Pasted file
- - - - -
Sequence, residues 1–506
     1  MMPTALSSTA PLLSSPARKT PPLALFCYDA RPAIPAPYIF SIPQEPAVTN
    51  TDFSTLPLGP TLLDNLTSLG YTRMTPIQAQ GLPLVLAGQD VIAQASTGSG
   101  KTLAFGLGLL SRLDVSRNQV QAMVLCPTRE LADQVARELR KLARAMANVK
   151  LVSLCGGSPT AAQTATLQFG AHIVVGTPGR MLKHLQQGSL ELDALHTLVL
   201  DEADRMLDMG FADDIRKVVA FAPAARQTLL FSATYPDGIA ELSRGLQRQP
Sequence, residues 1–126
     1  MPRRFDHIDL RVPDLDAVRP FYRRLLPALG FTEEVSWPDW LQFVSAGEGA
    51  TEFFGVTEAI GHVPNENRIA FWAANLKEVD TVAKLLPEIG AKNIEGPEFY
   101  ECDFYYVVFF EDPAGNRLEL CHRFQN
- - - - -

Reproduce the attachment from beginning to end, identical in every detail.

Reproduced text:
Sequence, residues 1–506
     1  MMPTALSSTA PLLSSPARKT PPLALFCYDA RPAIPAPYIF SIPQEPAVTN
    51  TDFSTLPLGP TLLDNLTSLG YTRMTPIQAQ GLPLVLAGQD VIAQASTGSG
   101  KTLAFGLGLL SRLDVSRNQV QAMVLCPTRE LADQVARELR KLARAMANVK
   151  LVSLCGGSPT AAQTATLQFG AHIVVGTPGR MLKHLQQGSL ELDALHTLVL
   201  DEADRMLDMG FADDIRKVVA FAPAARQTLL FSATYPDGIA ELSRGLQRQP
Sequence, residues 1–126
     1  MPRRFDHIDL RVPDLDAVRP FYRRLLPALG FTEEVSWPDW LQFVSAGEGA
    51  TEFFGVTEAI GHVPNENRIA FWAANLKEVD TVAKLLPEIG AKNIEGPEFY
   101  ECDFYYVVFF EDPAGNRLEL CHRFQN